The Kingdom of Swaziland is a small, lightly populated country, with a relatively tiny carbon footprint, but we have to play our part in global climate action. We have had the punishing reminder of a very recent and devastating drought. We have the heart, but not the money, for rapid delivery of our Climate Change Action Plan, especially in meeting the front-end cost of renewable energy. We make a passionate appeal for our developing country group to be fully supported in enhancing adaptive capacity, strengthened resilience and reduced vulnerability to climate change. In the meantime we, as a country, as a population, remain fully committed, wherever possible, to adopting climate-respecting practices, such as more sustainable energy use, improved water harvesting and active afforestation. And, as a sovereign state and member of the United Nations, we have a voice, and that voice will get louder as it absorbs the mood of our people becoming increasingly determined to commit by example.
We commend the many resourceful initiatives that are underway across the World, and appeal for all positive contributions to be valued and encouraged, especially those of non-state actors such as our good friend, the Republic of China (Taiwan).
I thank you.”
Business Luncheon with Taiwanese Minister
The Prime Minister also had other engagements on the side-lines of the COP 23. Among these were a business luncheon hosted by the Minister of the Environment Protection Agency, R.O.C. (Taiwan), Minister Ying-yuan Lee, who was accompanied by His Excellency Dr. Jhy-Wey Hsieh, Taiwan Representative to Germany, and the Director General of the Taipei office in Edinburg, General Lien.
His Excellency the Right Honourable Prime Minister was accompanied by the Minister of Foreign Affairs and International Co-operation, Chief Mgwagwa Gamedze, His Excellency Ambassador Sibusisiwe Mngomezulu from the Swaziland Embassy in Brussels, and the First Secretary of the Embassy Ms. Xolile Ngwenya.
Discussions included the perils of climate change which is wreaking havoc on developing nations; which often do not have the resources to counter the devastating effects. The increasing World prices of sugar and the limited markets for sugar and sugar products, whose impact has been exacerbated by the BREXIT; were also discussed.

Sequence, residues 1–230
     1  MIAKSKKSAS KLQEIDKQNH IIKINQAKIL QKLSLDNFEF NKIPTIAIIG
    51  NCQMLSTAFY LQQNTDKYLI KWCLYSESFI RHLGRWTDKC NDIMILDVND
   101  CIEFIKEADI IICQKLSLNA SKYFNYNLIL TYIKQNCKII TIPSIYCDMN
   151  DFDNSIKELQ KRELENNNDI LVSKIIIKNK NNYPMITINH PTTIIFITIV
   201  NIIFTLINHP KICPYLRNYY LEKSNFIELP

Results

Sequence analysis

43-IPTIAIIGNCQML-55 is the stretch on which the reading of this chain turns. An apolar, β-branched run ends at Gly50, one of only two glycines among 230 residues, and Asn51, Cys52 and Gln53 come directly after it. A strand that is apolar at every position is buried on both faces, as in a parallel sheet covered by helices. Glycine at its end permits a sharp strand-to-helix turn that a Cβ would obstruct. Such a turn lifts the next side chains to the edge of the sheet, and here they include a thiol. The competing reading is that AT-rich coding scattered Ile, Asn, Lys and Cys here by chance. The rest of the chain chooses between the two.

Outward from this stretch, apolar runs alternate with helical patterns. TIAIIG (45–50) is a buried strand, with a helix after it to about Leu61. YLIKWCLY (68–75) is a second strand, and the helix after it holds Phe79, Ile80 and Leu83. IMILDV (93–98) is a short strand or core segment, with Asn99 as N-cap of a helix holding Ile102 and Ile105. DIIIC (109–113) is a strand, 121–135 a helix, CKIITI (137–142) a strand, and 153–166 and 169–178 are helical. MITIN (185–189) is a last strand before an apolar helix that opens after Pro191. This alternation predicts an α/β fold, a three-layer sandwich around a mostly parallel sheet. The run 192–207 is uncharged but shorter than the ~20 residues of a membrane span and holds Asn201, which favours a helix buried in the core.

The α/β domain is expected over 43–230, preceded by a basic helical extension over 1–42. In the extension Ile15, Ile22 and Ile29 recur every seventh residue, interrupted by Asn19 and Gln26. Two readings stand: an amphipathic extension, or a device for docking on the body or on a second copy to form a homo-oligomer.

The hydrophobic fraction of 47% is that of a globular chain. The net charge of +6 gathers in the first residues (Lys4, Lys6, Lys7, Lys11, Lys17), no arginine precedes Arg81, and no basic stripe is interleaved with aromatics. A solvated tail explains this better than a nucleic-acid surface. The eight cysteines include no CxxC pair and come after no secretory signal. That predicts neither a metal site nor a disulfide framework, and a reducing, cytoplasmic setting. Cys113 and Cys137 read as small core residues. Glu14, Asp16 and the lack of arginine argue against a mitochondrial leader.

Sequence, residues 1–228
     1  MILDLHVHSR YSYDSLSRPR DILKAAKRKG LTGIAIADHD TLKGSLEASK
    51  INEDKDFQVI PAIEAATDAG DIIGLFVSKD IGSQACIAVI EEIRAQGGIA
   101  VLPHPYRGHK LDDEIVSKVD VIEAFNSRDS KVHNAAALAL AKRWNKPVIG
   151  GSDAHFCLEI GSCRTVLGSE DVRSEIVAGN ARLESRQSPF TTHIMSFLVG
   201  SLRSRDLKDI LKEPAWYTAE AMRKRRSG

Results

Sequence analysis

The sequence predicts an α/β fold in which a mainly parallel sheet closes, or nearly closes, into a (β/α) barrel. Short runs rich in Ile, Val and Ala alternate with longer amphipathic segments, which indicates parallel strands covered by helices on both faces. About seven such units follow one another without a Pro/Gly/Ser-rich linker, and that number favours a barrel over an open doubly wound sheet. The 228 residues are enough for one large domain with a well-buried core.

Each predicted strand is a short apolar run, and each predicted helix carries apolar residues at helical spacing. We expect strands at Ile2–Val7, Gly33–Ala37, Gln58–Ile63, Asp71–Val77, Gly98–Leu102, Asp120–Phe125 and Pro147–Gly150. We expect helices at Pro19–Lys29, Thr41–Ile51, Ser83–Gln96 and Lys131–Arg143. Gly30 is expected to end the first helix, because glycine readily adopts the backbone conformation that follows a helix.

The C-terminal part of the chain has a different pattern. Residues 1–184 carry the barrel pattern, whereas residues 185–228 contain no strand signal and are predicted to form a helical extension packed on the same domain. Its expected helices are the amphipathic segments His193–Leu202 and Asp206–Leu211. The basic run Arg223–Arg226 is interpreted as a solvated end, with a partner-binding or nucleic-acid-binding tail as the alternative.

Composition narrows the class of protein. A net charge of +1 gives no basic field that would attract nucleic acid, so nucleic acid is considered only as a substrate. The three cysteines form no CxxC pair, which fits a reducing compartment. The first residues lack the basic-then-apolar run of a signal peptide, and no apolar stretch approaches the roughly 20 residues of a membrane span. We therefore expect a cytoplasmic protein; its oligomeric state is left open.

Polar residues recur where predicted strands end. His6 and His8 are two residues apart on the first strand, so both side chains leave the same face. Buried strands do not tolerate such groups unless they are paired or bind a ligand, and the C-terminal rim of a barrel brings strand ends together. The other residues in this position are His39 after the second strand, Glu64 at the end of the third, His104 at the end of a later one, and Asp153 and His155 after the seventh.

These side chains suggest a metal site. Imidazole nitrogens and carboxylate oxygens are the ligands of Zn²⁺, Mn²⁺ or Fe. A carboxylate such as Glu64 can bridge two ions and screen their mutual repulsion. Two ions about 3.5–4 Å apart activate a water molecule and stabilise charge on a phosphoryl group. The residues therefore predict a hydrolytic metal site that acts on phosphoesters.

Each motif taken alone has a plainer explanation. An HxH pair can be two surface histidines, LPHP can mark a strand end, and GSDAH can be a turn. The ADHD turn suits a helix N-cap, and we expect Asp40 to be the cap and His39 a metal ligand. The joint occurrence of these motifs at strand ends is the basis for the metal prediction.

Courtesy call to Commonwealth Secretary General
The Prime Minister also had the opportunity to pay a courtesy call to the Secretary General of the Commonwealth Secretariat Ms. Patricia Scott. Primary on the agenda were trade and development, youth and women empowerment as well as diseases that continue to threaten Sub-Sahara Africa, for instance Malaria. The Commonwealth Secretary General commended the appointment of His Majesty King Mswati III as Chairperson of the African Alliance on Malaria and applauded his role in the fight against the disease. She requested that the fight not focus on Malaria only, but also encompass other diseases that are spread by the mosquito, including chikungunya, yellow fever and dengue fever.
Swaziland’s Chief Negotiator appointed Chair to Subsidiary Body for Implementation for developing countries
One of the highlights of the event was the appointment of the Kingdom of Swaziland’s Chief Negotiator and Principal Secretary of the Ministry of Tourism and Environment, Mr. Emmanual D. Dlamini by the African Group to chair the Subsidiary Body for Implementation, as a representative of all developing countries. This is a big honour in the United Nations Framework Convention on Climate Change processes, and Swaziland applauds this recognition.